`package test// Nb: This is not an efficient sorting algorithm but it domostrates// some aspects of scala for representing algorithms, along with functions as first class objects and curryingobject SortingTest {   def main(args : Array[String]) {       val list1 = 5 :: 2 :: 3 :: 1 :: 0 :: -1 :: 2 :: Nil       val matcher = (x : Int, y : Int) => x < y       val sortedList = insertionSort(list1, matcher)       println("sortedList = " + sortedList.mkString(", "))       val revMatcher = (x : Int, y : Int) => x >= y       val revSortedList = insertionSort(list1, revMatcher)       println("revSortedList = " + revSortedList.mkString(", "))   }   def insertionSort(values : List[Int], matcher : (Int, Int) => Boolean) : List[int] = {       def iSort(values : List[Int]) : List[int] = {           val result = values match {               case List() => List()               case value :: valuesTail => insert(value, iSort(valuesTail))           }           println("iSort called with " + values + ", result = " + result)           result       }       def insert(value : Int, values : List[Int]) : List[Int] = {           val result = values match {               // if list is empty return new list with single element in it               case List() => List(value)               // otherwise insert into list in order, recursively               case x :: xTail =>                   if (matcher(value, x)) {                       value :: values                   }                   else {                       x :: insert(value, xTail)                   }           }                     println("insert called with " + value + ", values " + values + ", result = " + result)           result       }       iSort(values)   }}`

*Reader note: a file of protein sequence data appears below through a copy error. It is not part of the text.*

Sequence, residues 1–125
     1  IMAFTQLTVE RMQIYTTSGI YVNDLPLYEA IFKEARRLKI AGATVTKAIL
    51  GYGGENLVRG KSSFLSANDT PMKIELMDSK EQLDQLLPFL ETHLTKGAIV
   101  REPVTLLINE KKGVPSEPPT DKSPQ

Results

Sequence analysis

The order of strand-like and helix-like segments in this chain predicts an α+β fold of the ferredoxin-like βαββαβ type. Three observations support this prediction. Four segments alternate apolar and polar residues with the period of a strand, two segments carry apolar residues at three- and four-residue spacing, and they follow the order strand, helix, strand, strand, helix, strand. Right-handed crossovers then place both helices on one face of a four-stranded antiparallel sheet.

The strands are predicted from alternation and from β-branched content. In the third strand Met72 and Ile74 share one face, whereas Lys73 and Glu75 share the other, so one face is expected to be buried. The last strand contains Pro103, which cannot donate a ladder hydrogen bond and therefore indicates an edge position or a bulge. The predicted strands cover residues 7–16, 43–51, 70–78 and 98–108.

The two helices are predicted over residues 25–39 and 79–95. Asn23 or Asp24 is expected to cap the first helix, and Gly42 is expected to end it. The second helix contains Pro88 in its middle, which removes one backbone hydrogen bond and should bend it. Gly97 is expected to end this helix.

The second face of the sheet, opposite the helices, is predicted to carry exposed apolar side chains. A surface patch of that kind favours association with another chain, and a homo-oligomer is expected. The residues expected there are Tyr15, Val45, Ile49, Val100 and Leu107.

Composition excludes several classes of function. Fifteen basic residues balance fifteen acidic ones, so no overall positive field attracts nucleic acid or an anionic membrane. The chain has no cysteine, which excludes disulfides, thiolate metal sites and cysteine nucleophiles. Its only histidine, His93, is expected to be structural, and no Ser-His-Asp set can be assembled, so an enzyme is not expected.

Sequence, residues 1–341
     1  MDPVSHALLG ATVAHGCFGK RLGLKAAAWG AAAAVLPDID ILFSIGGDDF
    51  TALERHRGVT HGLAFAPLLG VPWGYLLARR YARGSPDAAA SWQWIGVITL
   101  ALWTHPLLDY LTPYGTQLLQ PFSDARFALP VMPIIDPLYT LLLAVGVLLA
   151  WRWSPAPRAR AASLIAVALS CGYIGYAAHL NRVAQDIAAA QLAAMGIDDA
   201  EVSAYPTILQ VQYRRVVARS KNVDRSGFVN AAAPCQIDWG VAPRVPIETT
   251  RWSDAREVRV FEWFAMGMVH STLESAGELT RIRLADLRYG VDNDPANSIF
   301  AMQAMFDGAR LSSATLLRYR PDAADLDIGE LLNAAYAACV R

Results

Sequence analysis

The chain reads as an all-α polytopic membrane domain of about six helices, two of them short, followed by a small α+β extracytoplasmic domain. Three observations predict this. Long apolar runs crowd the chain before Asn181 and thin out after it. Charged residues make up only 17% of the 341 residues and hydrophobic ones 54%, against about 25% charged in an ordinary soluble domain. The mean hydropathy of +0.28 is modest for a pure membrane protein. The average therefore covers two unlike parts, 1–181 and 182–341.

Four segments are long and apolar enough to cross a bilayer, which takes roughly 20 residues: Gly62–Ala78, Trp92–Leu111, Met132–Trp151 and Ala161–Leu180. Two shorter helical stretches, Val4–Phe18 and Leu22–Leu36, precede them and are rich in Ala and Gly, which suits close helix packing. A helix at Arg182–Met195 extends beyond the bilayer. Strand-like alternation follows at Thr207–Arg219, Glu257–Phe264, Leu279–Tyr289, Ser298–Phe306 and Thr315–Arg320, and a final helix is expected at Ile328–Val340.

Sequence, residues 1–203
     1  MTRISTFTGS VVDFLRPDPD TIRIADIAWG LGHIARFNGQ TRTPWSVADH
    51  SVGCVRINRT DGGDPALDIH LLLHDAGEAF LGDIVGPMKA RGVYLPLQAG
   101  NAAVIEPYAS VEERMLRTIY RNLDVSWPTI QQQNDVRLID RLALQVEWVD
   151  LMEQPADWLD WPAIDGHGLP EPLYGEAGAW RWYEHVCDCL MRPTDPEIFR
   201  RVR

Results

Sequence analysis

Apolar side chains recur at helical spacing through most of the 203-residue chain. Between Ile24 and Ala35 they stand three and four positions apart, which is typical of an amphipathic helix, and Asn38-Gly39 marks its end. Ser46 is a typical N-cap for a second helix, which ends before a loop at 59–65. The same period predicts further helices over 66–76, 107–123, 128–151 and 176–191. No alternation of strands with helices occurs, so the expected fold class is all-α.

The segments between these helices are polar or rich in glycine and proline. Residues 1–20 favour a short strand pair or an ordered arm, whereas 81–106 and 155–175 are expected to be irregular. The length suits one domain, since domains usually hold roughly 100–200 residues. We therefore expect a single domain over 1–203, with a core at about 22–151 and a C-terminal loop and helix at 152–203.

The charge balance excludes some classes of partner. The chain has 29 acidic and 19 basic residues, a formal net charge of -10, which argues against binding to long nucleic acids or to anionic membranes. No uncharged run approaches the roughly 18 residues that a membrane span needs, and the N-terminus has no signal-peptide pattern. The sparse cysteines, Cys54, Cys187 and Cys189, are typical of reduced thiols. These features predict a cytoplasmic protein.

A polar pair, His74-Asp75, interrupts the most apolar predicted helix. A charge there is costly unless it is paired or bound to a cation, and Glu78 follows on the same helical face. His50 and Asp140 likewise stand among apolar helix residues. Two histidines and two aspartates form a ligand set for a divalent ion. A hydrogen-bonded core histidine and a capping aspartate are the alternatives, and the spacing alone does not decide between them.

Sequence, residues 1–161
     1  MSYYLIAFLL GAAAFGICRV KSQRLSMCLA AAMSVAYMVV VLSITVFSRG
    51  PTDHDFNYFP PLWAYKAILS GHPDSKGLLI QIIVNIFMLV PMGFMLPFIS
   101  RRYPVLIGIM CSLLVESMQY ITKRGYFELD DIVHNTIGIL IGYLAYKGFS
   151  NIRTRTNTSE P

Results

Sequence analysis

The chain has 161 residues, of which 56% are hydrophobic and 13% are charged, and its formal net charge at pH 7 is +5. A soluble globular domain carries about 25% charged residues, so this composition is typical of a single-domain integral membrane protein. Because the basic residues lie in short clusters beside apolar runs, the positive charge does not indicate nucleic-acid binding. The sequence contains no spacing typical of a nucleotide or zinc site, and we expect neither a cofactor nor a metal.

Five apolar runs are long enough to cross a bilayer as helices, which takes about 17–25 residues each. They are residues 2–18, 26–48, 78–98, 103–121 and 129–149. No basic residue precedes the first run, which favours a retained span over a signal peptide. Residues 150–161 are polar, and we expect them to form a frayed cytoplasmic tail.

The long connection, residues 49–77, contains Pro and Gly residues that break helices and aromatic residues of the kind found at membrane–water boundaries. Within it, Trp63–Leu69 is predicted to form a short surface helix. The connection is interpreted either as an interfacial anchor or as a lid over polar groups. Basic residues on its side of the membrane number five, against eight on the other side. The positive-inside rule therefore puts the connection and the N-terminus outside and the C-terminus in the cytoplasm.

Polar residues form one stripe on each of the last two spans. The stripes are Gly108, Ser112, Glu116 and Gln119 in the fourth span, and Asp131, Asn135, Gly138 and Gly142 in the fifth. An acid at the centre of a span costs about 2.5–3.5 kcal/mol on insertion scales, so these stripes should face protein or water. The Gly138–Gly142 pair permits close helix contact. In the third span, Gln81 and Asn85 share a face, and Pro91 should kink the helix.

Results:

If you run the above example code the results are as follows: